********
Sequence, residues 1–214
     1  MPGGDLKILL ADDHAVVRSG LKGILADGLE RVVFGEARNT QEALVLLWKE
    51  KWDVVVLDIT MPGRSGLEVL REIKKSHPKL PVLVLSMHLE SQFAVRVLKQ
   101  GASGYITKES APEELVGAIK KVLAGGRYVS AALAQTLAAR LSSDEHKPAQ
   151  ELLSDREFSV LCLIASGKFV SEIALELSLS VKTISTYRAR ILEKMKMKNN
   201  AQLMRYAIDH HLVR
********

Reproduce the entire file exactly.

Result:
Sequence, residues 1–214
     1  MPGGDLKILL ADDHAVVRSG LKGILADGLE RVVFGEARNT QEALVLLWKE
    51  KWDVVVLDIT MPGRSGLEVL REIKKSHPKL PVLVLSMHLE SQFAVRVLKQ
   101  GASGYITKES APEELVGAIK KVLAGGRYVS AALAQTLAAR LSSDEHKPAQ
   151  ELLSDREFSV LCLIASGKFV SEIALELSLS VKTISTYRAR ILEKMKMKNN
   201  AQLMRYAIDH HLVR